WIPO Arbitration and Mediation Center
ADMINISTRATIVE PANEL DECISION
BARCLAYS BANK PLC v. Stakeinc
Case No. D2011-1374
1. The Parties
Complainant is BARCLAYS BANK PLC of London, United Kingdom of Great Britain and Northern Ireland (“United Kingdom” or “UK”), represented by Pinsent Masons LLP, United Kingdom.
According to the Registrar and “WhoIs” information, Respondent is Stakeinc of perak, Malaysia.
2. The Domain Name and Registrar
The disputed domain name <barclaysbankbe.com> (“Disputed Domain Name”) is registered with Wild West Domains, Inc. (“Registrar”).
3. Procedural History
The Complaint was filed with the WIPO Arbitration and Mediation Center (the “Center”) on August 12, 2011. On August 15, 2011, the Center transmitted by email to Registrar a request for registrar verification in connection with the Disputed Domain Name. On August 16, 2011, Registrar transmitted by email to the Center its verification response disclosing the name of the registrant and contact information for the Disputed Domain Name, which name and contact information differed from the earlier named respondent (Domains by Proxy, Inc.) and contact information in the earlier filed Complaint. The Center sent an email communication to the Complainant on August 22, 2011 providing the name of the registrant (Stakeinc) and contact information provided by the Registrar, and inviting the Complainant to submit an amendment to the Complaint. The Complainant filed an amended Complaint dated August 26, 2011 and it was received by the Center on that date.
The Center verified that the amended Complaint satisfied the formal requirements of the Uniform Domain Name Dispute Resolution Policy (the “Policy” or “UDRP”), the Rules for Uniform Domain Name Dispute Resolution Policy (the “Rules”), and the WIPO Supplemental Rules for Uniform Domain Name Dispute Resolution Policy (the “Supplemental Rules”).
In accordance with the Rules, paragraphs 2(a) and 4(a), the Center formally notified Respondent of the Complaint, and the proceedings commenced on September 7, 2011. In accordance with the Rules,
paragraph 5(a), the due date for Response was September 27, 2011. Respondent did not submit any response. Accordingly, the Center notified the Respondent’s default on September 29, 2011.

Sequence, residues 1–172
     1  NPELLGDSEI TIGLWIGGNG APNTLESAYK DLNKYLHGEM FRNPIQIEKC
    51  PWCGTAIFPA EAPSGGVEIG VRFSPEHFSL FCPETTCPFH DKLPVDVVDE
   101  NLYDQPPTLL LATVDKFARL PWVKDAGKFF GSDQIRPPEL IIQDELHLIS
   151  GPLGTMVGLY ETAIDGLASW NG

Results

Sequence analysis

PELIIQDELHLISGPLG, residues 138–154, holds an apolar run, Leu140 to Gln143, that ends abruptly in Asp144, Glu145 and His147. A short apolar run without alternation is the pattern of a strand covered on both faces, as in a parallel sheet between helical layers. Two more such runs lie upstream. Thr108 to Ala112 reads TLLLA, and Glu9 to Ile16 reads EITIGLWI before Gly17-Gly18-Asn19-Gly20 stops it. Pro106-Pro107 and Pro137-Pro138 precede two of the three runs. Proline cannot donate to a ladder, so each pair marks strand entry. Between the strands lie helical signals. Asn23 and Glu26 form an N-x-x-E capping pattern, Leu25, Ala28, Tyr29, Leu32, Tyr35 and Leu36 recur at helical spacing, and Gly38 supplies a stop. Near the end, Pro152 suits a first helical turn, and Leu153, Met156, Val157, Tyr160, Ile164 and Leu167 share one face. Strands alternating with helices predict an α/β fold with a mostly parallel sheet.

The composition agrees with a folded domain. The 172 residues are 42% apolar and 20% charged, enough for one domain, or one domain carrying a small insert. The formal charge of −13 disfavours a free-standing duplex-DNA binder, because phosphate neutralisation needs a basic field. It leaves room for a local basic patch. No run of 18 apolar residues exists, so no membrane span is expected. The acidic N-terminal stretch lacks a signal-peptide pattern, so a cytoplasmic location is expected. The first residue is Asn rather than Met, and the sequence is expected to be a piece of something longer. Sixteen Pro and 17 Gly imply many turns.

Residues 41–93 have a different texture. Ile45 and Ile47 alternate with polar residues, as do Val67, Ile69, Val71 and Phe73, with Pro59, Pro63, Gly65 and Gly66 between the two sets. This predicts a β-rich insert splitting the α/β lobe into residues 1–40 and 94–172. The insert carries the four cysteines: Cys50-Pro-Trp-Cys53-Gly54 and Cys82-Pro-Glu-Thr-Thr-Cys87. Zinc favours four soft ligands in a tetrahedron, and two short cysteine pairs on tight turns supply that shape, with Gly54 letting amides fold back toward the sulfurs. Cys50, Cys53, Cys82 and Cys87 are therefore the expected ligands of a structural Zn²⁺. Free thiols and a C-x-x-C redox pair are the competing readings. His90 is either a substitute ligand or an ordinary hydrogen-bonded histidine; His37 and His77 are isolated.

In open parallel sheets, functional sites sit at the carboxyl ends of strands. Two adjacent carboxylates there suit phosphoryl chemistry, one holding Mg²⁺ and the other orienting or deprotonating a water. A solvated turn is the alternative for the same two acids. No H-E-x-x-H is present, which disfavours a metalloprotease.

The Center appointed James H. Grossman as the sole panelist in this matter on October 17, 2011. The Panel finds that it was properly constituted. The Panel has submitted the Statement of Acceptance and Declaration of Impartiality and Independence, as required by the Center to ensure compliance with the Rules, paragraph 7.
4. Factual Background
Complainant is one of the world’s major global financial services provider engaged in retail banking, credit cards, corporate banking, investment banking, wealth management and investment management services with an extensive international presence around the world. Complainant’s predecessor was incorporated on July 20, 1896 and has traded as Barclays PLC since 1985. Complainant currently operates in 50 countries with approximately 144,000 employees with more than 48 million customers and clients worldwide.
Complainant has a variety of UK registered and European Community registered trade marks in the name BARCLAYS in a range of classes including, but not limited to, those relating to financial services. For example, Complainant has trademarks for BARCLAYBANK (UK Reg. #1336098) registered on February 19, 1988 as well as for BARCLAYS (UK Reg.#1314306) registered on June 24, 1987 and BARCLAYS again with other classes (UK Reg. #1314306) registered on January 11, 2008. In the European Community, Complainant owns trademarks including BARCLAYS (EU Reg. #55236 January 26, 1999 and February 13, 2003).
Complainant is the registrant of a number of domain names including <www.barclays.com> registered on November 23, 1993 and <www.barclays.co.uk> which was registered prior to August 1996.
Respondent registered the Disputed Domain Name on November 10, 2010.